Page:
|MV Kimelody Cristy||Moreta Shipping Lines||December 13, 1995||Sank after the vessel caught fire||24||13||100||At 2:00 a.m. (PST) on December 13, 1995, caught fire and sank off Fortune Island, Nasugbu, Batangas.|
|ML Gretchen I||Noe and Clarita Quiamco||February 18, 1996||Sank||51||Unknown||145||Sank after being battered by strong winds and sank near Cadiz City. The old wooden ferry, according to the investigation, was not seaworthy and was carrying more than its allowed capacity. It was also eight hours late to dock in the Port of Cadiz. The Philippine Coast Guard had failed to respond to the incident since the ferry has no radio on board.|
MV Princess of the Orient
|Sulpicio Lines||September 18, 1998||Sank||70||80||355||On September 18, 1998, the 13,935-ton, 915-metre (3,002 ft) long MV Princess of the Orient, sailed from Manila to Cebu during a typhoon. The ship capsized at 12:55 p.m. (PST) near Fortune Island in Batangas.|
|MV Asia South Korea||Trans-Asia Shipping Lines||December 23, 1999||Sank after collision with a rock||58||0||699||The vessel en route to Iloilo City from Cebu City when it rock formations off Bantayan Island. The collision created a hole in its hull causing its sinking.|
|MV Maria Carmela||Montenegro Shipping Lines||April 11, 2002||Sank after the vessel caught fire||39||6||371||Fire broke out in the cargo hold of the vessel around 7:30 a.m. (PST). The vessel was burning for three days until it sank in Pagbilao Island, near Quezon.|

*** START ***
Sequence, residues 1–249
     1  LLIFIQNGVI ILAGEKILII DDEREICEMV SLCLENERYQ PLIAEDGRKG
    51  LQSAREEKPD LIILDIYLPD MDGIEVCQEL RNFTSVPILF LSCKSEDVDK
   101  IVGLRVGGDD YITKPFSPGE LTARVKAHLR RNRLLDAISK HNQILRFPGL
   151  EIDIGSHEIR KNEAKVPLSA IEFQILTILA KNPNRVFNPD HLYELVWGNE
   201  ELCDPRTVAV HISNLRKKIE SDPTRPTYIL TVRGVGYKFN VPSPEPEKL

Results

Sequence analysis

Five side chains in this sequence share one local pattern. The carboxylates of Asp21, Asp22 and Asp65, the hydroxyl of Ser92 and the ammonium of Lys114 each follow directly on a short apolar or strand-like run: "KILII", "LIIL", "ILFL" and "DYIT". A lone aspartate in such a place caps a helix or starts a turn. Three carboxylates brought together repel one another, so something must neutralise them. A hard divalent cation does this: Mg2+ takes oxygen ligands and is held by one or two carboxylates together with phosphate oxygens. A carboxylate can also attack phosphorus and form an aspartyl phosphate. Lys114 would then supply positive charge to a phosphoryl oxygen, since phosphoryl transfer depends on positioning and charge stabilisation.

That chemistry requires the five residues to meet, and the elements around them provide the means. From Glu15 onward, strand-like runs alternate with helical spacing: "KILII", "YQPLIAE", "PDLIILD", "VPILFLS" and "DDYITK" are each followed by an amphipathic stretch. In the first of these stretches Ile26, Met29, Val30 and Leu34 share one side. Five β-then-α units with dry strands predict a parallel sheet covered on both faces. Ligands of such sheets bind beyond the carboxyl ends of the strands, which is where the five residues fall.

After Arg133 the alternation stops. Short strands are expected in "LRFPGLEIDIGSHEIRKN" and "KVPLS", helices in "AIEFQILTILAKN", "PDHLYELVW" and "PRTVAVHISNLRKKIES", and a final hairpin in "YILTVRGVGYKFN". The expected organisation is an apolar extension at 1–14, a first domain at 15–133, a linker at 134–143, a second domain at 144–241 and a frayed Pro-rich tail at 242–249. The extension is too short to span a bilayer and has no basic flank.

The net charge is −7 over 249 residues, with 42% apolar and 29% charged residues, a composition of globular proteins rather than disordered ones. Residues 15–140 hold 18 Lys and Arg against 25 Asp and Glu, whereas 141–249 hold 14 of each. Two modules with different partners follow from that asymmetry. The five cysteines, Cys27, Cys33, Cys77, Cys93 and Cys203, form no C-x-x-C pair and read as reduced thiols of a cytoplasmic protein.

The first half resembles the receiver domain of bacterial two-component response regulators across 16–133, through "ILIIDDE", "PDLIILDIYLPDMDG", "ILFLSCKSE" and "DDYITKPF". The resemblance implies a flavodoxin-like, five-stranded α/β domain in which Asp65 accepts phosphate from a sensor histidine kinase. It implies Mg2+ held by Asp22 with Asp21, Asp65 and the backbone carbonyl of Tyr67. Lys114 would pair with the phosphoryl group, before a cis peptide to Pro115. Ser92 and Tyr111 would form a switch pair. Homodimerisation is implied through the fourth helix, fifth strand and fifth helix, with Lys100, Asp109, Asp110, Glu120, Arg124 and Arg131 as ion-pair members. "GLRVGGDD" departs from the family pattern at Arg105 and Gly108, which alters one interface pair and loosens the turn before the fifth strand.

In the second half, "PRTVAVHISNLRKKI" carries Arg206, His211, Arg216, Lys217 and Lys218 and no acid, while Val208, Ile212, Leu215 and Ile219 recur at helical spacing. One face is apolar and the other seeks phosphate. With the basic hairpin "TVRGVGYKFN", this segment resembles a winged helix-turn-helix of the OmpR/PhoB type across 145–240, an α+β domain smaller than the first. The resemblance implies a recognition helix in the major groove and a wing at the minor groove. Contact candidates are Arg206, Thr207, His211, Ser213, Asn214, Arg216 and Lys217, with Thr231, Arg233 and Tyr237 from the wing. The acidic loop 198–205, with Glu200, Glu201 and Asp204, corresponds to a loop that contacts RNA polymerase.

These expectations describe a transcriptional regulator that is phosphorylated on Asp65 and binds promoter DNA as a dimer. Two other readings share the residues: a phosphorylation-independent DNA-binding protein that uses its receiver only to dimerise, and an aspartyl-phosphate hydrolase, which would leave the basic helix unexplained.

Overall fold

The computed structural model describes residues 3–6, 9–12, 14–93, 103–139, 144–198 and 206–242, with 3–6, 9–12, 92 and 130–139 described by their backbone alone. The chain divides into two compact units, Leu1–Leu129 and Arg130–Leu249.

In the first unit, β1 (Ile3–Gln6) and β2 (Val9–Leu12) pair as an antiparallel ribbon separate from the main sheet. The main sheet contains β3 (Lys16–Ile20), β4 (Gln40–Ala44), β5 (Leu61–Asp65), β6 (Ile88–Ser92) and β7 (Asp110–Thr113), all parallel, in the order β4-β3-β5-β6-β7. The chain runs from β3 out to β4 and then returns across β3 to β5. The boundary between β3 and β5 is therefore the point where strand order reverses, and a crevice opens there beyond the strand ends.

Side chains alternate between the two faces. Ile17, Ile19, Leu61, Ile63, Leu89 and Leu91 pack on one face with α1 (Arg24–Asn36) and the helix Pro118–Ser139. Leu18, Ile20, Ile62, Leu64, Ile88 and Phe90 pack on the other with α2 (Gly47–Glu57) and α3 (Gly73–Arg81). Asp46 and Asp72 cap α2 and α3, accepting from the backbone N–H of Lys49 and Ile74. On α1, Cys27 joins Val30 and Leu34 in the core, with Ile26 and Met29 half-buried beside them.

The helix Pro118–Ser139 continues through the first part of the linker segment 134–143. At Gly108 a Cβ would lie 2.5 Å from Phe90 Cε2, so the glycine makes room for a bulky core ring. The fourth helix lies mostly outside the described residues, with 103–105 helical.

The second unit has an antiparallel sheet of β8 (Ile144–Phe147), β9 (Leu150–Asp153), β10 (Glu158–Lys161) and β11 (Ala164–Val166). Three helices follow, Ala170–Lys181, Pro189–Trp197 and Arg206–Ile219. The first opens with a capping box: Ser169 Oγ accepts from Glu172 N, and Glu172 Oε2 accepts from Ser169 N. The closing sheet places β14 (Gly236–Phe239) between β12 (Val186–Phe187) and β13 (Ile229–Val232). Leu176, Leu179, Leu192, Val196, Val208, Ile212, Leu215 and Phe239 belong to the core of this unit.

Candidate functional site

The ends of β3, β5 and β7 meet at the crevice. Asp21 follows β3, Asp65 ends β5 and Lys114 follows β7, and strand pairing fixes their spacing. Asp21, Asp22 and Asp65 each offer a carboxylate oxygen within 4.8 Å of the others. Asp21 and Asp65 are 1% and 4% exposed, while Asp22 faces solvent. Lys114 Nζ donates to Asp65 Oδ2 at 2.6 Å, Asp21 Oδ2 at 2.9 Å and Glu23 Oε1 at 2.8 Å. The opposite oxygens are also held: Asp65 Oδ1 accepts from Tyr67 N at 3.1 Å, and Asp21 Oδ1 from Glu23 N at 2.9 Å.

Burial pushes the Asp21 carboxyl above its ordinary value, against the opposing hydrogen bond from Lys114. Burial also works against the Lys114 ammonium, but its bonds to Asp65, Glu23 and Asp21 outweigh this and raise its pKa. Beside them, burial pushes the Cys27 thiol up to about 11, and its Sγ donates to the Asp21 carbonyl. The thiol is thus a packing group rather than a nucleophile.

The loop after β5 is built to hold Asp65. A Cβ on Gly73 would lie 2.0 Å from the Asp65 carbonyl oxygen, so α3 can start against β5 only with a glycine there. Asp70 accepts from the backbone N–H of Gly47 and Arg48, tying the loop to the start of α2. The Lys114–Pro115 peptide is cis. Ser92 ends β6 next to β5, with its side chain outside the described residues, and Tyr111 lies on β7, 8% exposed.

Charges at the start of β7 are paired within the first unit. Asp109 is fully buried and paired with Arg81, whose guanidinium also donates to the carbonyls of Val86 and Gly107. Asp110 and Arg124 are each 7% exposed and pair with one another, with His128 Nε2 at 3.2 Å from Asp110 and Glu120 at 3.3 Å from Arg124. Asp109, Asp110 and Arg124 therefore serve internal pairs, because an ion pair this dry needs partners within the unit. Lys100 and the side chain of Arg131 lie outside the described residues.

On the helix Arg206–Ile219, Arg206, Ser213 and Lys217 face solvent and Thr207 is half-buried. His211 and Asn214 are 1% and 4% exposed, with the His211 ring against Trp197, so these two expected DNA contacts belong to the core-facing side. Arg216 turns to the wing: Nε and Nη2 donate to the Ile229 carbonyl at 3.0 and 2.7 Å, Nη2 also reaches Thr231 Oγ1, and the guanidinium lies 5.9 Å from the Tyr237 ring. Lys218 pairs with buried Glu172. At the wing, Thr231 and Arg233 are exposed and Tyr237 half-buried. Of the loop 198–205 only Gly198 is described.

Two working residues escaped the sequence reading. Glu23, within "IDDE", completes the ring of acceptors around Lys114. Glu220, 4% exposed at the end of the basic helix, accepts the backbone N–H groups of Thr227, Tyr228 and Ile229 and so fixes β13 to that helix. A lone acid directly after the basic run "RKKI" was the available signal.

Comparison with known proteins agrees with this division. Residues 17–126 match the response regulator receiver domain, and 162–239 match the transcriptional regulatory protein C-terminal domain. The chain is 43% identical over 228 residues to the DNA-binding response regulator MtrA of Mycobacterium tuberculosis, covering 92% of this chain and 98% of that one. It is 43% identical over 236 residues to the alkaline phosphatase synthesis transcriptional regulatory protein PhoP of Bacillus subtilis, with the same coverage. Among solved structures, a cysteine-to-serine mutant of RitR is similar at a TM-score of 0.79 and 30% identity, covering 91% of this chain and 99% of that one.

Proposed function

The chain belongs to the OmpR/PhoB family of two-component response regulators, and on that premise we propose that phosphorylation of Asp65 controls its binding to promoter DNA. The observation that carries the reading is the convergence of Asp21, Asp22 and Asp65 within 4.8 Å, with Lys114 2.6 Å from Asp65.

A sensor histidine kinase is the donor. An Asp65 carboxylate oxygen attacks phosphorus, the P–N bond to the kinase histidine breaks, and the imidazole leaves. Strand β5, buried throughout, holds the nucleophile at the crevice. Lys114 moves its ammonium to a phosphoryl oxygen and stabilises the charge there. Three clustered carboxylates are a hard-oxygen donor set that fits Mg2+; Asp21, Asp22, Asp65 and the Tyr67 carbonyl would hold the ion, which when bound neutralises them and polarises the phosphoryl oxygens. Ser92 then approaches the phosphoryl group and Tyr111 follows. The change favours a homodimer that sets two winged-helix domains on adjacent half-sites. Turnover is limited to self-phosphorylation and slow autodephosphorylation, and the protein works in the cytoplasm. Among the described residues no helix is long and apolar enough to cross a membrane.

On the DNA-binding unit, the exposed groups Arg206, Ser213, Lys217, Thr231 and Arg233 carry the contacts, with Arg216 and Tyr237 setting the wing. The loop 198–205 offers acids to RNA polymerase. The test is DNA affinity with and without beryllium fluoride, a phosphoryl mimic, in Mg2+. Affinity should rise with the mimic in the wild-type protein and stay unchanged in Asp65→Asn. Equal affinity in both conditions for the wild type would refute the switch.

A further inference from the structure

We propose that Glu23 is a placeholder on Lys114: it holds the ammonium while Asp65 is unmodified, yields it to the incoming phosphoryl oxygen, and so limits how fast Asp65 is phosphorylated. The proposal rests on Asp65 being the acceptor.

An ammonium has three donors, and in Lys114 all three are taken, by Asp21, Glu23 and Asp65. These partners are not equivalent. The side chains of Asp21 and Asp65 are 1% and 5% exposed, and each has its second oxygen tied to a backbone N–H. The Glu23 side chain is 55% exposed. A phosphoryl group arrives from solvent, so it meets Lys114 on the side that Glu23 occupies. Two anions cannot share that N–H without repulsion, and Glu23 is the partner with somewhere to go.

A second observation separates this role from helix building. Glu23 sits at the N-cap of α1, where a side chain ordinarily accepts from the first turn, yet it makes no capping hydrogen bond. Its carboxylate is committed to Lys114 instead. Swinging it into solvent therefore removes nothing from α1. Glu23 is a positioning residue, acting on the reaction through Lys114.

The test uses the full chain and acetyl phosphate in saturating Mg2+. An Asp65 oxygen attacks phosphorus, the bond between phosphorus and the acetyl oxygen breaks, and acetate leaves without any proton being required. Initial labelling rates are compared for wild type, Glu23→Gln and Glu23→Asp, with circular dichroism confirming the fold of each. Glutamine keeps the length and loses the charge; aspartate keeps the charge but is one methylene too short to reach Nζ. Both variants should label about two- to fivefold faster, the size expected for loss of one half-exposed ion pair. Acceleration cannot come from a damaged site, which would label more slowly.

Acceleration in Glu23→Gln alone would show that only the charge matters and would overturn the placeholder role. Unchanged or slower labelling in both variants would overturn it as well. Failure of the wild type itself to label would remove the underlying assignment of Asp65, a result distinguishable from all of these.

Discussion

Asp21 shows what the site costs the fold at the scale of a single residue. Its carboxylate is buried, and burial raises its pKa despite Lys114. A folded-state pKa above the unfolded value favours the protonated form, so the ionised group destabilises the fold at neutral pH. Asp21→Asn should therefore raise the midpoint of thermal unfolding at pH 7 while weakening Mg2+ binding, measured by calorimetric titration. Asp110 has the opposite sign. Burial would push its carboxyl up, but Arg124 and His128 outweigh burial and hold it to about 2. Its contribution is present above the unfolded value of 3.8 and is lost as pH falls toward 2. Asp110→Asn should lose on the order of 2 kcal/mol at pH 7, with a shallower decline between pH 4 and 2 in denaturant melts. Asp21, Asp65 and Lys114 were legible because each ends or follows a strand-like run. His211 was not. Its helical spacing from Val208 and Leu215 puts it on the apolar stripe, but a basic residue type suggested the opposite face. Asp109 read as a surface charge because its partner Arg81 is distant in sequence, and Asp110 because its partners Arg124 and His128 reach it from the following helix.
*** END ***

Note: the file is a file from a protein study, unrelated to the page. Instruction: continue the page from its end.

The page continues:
|MV San Nicolas||San Nicholas Shipping Line||May 25, 2003||Sank after collision with SuperFerry 12||43||21||182||The collision happened at 11:45 a.m. (PST) near Limobones Point, Corregidor. MV San Nicholas was heading for Manila, while Superferry 12 was sailing for Cebu.|
|SuperFerry 12||Aboitiz||Did not sink||0||0||1,700||The ferry was not heavily damaged and was still in service until the ferry caught fire at Cebu in March 2006.|
|SuperFerry 14||Aboitiz||February 27, 2004||Sank after bombed by Abu Sayyaf terrorists||94||24||781||On the night of the 27th of February, the ferry sailed out of Manila for Cagayan de Oro City via Bacolod City and Iloilo City with 899 recorded passengers and crew aboard. An hour after its 11 p.m. sailing, just off either El Fraile or Corregidor Island an explosion tore through the vessel, starting a fire that engulfed the ship which caused the deaths of some of the passengers. A television set containing a 3.6-kilogram (8-pound) TNT bomb had been placed on board in the lower, more crowded decks. It was the Philippines' deadliest terrorist attack and the world's deadliest terrorist attack at sea.|